Google Earth 5 Beta Release
- Historical imagery from around the globe
- Ocean floor and surface data from marine experts
- Simplified touring with audio and voice recording
Of course, Oceans are not new to Google Earth of course, it has always been a virtual replication of our own world . The old oceans were simply big blue expanses and a wee bit of low resolution shadings to make the suggestion of depth. Since yesterday, the new release has a much more detailed bathymetric map (which means ocean floor), which makes it possible for us to submerge and explore the deep blue seas.
While you're there you can explore thousands of data points including videos and images of ocean life, details on the best surf spots, logs of real ocean expeditions, and much more.
We were joined at the Academy by many of the dozens of ocean scientists and advocates who helped make this project a reality: friends from National Geographic, the Monterey Bay Aquarium, the National Oceanic and Atmospheric Association, the US Navy, Scripps Oceanography, and Woods Hole Oceanographic Institution, to name just a few. Above all, I would like to acknowledge the work of Dr. Sylvia Earle, who cornered me at a conference three years ago and told me that Google Earth was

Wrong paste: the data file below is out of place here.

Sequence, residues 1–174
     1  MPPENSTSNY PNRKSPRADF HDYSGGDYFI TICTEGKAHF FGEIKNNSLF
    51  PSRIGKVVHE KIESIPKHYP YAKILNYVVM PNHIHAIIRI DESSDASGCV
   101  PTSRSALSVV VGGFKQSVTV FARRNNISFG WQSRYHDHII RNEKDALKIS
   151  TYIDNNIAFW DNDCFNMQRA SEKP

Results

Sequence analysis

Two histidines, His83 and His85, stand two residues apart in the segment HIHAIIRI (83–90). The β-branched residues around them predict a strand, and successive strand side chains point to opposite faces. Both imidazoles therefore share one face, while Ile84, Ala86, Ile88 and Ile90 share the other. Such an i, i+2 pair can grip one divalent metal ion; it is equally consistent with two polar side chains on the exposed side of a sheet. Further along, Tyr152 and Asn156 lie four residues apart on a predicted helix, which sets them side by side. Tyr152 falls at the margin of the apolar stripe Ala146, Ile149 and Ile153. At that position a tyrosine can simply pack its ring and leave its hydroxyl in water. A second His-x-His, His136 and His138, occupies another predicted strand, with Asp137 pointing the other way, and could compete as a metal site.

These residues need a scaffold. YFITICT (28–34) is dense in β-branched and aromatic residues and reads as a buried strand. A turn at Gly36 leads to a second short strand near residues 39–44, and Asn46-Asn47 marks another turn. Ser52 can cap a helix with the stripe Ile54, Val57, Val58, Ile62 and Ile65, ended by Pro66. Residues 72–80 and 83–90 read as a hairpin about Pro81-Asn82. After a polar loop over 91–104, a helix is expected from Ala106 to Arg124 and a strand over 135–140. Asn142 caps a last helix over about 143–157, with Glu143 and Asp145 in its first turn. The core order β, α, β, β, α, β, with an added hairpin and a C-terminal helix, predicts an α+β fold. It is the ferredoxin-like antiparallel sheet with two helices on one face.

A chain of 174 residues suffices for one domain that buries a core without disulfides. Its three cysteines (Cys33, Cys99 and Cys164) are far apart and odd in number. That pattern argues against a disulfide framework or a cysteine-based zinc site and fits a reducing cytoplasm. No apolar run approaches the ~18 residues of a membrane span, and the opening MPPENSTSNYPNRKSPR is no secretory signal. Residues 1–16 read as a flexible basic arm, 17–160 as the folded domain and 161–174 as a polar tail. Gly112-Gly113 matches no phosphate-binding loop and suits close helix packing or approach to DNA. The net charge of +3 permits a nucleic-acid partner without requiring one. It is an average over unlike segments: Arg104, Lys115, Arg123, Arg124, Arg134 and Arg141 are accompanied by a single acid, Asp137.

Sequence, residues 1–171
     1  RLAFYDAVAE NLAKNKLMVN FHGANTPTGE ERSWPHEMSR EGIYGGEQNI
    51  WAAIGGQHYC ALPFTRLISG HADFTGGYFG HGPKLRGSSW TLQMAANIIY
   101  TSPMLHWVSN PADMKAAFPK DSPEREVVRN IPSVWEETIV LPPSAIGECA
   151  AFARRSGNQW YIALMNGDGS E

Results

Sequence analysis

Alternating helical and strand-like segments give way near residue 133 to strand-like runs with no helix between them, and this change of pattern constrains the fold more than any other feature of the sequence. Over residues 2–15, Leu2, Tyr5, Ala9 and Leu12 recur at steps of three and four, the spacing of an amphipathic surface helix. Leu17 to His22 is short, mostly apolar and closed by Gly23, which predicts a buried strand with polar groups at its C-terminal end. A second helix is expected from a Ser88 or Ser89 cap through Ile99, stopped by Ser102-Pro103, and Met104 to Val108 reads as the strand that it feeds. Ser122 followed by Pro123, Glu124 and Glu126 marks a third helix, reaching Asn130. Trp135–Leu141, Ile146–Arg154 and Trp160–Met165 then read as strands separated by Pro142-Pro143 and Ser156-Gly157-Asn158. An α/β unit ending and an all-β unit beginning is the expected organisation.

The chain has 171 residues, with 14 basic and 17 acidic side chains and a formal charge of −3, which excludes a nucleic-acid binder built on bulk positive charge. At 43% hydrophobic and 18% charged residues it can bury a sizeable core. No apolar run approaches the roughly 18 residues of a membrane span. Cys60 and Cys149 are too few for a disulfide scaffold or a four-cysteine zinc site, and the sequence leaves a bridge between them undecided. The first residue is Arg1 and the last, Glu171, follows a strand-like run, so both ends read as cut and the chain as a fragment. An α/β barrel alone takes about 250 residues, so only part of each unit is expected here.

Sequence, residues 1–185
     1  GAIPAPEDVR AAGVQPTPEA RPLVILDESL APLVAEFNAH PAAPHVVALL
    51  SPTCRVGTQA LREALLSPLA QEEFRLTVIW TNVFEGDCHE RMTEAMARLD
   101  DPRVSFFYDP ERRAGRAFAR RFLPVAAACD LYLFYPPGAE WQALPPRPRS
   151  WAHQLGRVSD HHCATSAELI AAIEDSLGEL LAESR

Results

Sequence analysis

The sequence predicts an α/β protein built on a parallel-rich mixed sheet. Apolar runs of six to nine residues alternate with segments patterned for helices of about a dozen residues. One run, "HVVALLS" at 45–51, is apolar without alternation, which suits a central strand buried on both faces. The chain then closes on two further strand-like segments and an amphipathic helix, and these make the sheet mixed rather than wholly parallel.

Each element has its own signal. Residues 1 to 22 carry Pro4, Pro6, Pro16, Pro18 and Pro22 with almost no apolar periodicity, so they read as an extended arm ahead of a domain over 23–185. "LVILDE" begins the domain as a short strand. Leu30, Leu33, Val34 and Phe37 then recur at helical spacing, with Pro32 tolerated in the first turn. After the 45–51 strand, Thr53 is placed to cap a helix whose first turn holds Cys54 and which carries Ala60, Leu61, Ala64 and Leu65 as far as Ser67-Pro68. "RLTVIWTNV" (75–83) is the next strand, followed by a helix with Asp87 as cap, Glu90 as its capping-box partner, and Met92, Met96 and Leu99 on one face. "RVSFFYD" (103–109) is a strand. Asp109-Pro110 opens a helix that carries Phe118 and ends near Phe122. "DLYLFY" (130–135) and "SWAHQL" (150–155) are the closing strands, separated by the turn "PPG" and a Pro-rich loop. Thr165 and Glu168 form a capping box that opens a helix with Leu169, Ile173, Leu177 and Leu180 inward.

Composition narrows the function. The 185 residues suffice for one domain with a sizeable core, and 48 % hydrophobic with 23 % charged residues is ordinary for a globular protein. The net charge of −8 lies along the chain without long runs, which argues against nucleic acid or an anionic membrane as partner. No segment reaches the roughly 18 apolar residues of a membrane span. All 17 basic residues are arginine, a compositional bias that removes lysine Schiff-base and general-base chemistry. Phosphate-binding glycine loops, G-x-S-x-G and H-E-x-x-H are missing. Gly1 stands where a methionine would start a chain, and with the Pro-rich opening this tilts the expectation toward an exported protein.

great but that it wasn't finished (you can read more about that encounter on the Lat
Long blog). As much as I hated to admit it, she was right. We on the Google Earth team had been working hard to build a rich 3D map of the world, but we had largely ignored the oceans — two thirds of the planet. Inspired by Sylvia, the team got to work. I hope you are as excited as I am to explore our new Ocean and all of the fascinating stories and images our partners have contributed.
A second interesting addition is Google Mars, which was created in cohoots with NASA. You can get to the 3D Map of the Red Planet by selecting "Mars" on the toolbar. It features high res imagery, 3D terrain, landing sites and more.
Read more on the official Google Blog.